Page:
How To Get Over Impostor Syndrome – For Real

Struggling wiath impostor syndrome? It happens to most of us! Click through for 7 confidence tips and feel better now >> yesandyes.org

Dear Sarah,
I graduated from college three years ago and have a job in the field that I went to school for (public relations).  I’m working my way up the corporate ladder and receiving bigger and bigger accounts. 
The weird thing is, I feel like a total fraud.  Even though I went to school for this, I can’t shake the feeling that someday my bosses will wake up and yell “What are you doing here?!  Why did we give you that account?” 
My clients and supervisors are all happy with me but I constantly feel like I don’t know what I’m doing and that I’m a total fake. 
I feel like everybody else is on top of their game and that I’m just playing along. I am totally debilitated by the fear that I’m going to be “found out.” Am I being ridiculous?  How do I get over this?  Do I need to quit my job?
– Completely Fraudulent
Dear CF,
Oh, girl.  Honeybee, sweetheart.  I hear you.  Despite having a blog read by thousands of people, I frequently feel weird charging people to design social media or internet domination plans.  Why?  BECA– USE I DO NOT HAVE A MASTERS DEGREE IN THE INTERNET.  Such a thing does not exist, but that does not stop me from wanting one because then I’d feel like a real expert.

Though it probably won’t make you feel better, millions of people (incredibly accomplished, clever people) feel the same way. Look!  It’s even got a fancy name (impostor syndrome) and a wikipedia page!

How to get over impostor syndrome

Know that feeling this way doesn’t make you silly/weak/a useless pile of wet socks

It shows you’re considerate/conscientious/take your responsibilities seriously.  We all know plenty of a-holes that are over confident.  You are officially not one of those a-holes.

Take heart that most things worth doing have a high learning curve

We all mess up from time to time and just about everyone you know feels the same way when they’re starting something new.

Try to take note of when you’re feeling particularly fraudulent

and realize that it could just be impostor syndrome rearing its ugly head.  FEELING incompetent is not the same as ACTUALLY BEING incompetent. Click To Tweet  Repeat after me: “I’m good at this.  I’m good at this.  I’m good at this.”

Talk it out with (trusted!) friends and co-workers

There’s a good chance your co-workers will be able to put your fears in perspective. (“Dude!  You’re doing fine!  It took me 6 months to learn that software and you’ve only been at it for three weeks!”)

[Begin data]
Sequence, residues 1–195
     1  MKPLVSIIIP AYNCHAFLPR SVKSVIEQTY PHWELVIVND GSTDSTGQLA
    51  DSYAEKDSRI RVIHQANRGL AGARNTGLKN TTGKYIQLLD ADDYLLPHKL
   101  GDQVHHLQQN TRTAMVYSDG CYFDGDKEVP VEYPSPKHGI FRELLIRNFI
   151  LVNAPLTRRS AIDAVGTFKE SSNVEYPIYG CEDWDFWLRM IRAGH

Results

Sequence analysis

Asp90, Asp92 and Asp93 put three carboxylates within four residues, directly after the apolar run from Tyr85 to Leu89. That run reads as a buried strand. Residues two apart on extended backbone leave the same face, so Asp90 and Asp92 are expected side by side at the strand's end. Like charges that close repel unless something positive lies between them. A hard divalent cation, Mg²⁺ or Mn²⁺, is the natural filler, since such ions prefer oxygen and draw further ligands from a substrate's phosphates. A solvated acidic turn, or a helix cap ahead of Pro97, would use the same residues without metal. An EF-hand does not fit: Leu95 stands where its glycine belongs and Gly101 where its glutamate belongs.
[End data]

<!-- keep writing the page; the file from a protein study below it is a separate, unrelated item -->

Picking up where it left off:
Stop downplaying your accomplishments

None of this “I was in the right place at the right time” or “I knew somebody inside the company.”  That serves no one and you’re discounting all your hard work.  How about “Thanks!” or “That’s so kind of you to say – I’ve been working really hard on it.”

When you’re feeling particularly self-doubt-y, remember all those accomplishments

What’s one missed deadline in the face of landing a $250,000 client or being valedictorian?

Know your limits

You’re probably not awesome at everything (I’m not!)  And that’s okay!  Be honest with yourself (and others) about those limits.  It’s an opportunity to openly learn from the masters.

Also: people love it when you ask them for help and advice!  There are probably people in your company who will fall all over themselves telling you how to format that website.

Attempt to get over your perfectionism

Anytime we learn new things, we’re going to make mistakes, yes?  I believe this is what they call “growth.”

Trust the people that hired you

If someone has been working in the industry for 15 years and thought you were the right candidate for the job?  They were probably right.  Trust that they knew what they were doing.

Have you ever felt like a fraud?  How did you get over it?

P.S. 13 ways to feel cuter + more confident

photo by cynthia magana // cc

14 Comments

Jen

I constantly feel like this too. Despite having a BA in German and Spanish and having just completed an MA in education and having three years experience under my belt, I can't shake the feeling that I could be doing a better job. I now work in Germany teaching English and my observation from the headteacher went well and he wants to have my contract extended to stay there but I can never help feeling that my classes would do better under a different English teacher.

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Anonymous

I agree with Jen – having a masters in the internet probably won't make that feeling go away!
There is a name for this problem: imposter syndrome (see this NYT article)
and it is most common amongst high achieving women (shocker, right?). I constantly have to tell my female students (most are mature, highly qualified and experienced professionals doing postgraduate courses) that the self-doubt about their ability to succeed in their studies is a result of negative socialisation. At this stage I point out that few-none of the men on our courses ever express such doubt (perhaps they feel it but don't express it, though the scientific studies indicate that they don't feel it at all or to the same extent). As someone with a BA, MSc and PhD, I constantly feel like a fraud. There is no educating that feeling away. Well, no formal qualifications can get rid of it but I think that you can train yourself to have more confidence in your abilities and we should all try that (as well as supporting our friends and colleagues to do the same).